Level 1 is a 30 minute introduction to Power Yoga. The poses include down dog, up dog, sun salutations, Warrior 1 & 2, tree pose, camel pose, and bridge pose. No triangle pose in this video. There is a pretty challenging ab segment that seems more like Pilates or traditional ab work than yoga (not that I’m a yoga expert). One exercise involves lying on your back with your legs in the air, then lowering them 30% at a time until they’re 2” off of the floor, and holding them—really tough. There’s another exercise that resembles the Pilates crisscross, and another that’s very similar to Pilates rolling like a ball. The ab segment is followed by tabletop pose, and the final stretches.
Level 2 is 45 minutes long. It includes all of the poses from Level 1, plus crow pose, side plank, crescent lunge, praying twist, and thunderbolt pose. There’s a challenging balance segment including eagle pose, the pose where you stand on one leg, grab the toe of the other foot and hold it out in front of you, then out to the side (don’t know the name of this one), from this you go into the airplane arm/one legged balancing pose. The balance segment ends with tree pose. Then you move onto twisting triangle, camel, and bridge. There’s another ab segment, similar to Level 1., followed by boat pose and a double pigeon stretch. This one is about as challenging as Bryan Kest’s Energize, although I find the balancing poses tougher.
Throughout both videos, Baron emphasizes breathing & relaxing, shows modifications for most, if not all, of the poses, and gives a lot of form points. I like to think of myself as intermediate at yoga, but I learned some new things from these tapes.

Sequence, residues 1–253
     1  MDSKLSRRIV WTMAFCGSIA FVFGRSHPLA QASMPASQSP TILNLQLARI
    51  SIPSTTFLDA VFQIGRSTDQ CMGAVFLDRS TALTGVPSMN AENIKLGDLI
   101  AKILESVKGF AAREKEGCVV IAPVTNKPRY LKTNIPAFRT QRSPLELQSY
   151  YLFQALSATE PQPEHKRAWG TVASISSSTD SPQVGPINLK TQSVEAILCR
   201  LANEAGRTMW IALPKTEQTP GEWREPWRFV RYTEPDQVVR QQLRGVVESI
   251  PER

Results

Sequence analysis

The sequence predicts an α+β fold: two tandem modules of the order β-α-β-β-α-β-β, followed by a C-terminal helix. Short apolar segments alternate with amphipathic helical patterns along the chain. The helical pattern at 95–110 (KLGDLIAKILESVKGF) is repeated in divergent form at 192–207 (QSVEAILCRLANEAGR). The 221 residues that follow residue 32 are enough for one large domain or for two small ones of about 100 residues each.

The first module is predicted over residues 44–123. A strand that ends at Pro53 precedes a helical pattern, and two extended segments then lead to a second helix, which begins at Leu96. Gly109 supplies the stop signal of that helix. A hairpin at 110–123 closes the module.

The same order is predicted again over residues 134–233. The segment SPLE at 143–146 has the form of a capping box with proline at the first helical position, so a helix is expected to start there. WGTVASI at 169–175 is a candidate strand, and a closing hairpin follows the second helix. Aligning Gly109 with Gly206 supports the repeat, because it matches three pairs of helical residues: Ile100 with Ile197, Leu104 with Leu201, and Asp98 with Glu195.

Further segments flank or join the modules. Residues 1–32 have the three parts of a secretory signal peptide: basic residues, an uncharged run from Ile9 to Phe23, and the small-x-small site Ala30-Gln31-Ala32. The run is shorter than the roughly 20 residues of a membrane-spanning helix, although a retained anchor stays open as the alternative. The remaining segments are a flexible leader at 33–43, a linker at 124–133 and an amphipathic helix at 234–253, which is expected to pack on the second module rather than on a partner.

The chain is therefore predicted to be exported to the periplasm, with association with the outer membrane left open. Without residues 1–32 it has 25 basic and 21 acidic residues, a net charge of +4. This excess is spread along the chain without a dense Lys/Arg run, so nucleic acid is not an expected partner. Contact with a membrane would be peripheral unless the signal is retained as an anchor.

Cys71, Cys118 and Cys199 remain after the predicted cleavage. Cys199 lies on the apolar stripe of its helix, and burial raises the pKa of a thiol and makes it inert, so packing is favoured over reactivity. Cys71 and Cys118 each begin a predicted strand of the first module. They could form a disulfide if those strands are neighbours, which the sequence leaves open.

There is only a bit of music in these videos. For the most part there’s no music, but occasionally some soft music starts playing for a little while. I think I would have preferred music throughout.
Baron Baptiste is known for giving his classes in a heated room, and the classes in these tapes are no exception. The class participants are very sweaty, right from the beginning. Other than the copious amounts of perspiration, they’re a regular looking bunch of people, not intimidatingly flexible or proficient like the classes in Bryan Kest's Power Yoga series.
Baron is a likeable, thorough, and enthusiastic instructor. He cues well, and I found his form points very helpful. During the introduction to both tapes, he does a fast moving flow of yoga poses that is awesome to watch.
I'm not big into power or vinyasa yoga as it
moves too fast for me. I really like this DVD
for it's slower pace. The DVD is well
chaptered and has a few extras on it such as
a pose tutorial and a music on/off option.
The music is not very noticeable (no chanting
unlike Baron's Live Series).
Baron is encouraging and likes to rhyme.